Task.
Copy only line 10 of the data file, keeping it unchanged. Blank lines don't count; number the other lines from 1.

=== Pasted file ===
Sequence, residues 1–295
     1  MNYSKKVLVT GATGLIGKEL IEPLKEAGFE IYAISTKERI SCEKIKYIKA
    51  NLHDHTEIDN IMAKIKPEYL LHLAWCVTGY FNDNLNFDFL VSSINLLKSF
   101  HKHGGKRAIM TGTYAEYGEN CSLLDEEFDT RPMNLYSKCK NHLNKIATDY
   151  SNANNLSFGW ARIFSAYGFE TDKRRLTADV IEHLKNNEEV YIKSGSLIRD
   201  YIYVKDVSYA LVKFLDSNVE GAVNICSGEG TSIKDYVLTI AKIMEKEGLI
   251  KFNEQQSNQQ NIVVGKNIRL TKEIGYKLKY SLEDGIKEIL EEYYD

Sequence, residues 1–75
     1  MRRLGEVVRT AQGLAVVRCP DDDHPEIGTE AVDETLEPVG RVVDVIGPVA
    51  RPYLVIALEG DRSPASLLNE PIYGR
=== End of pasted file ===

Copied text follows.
    51  RPYLVIALEG DRSPASLLNE PIYGR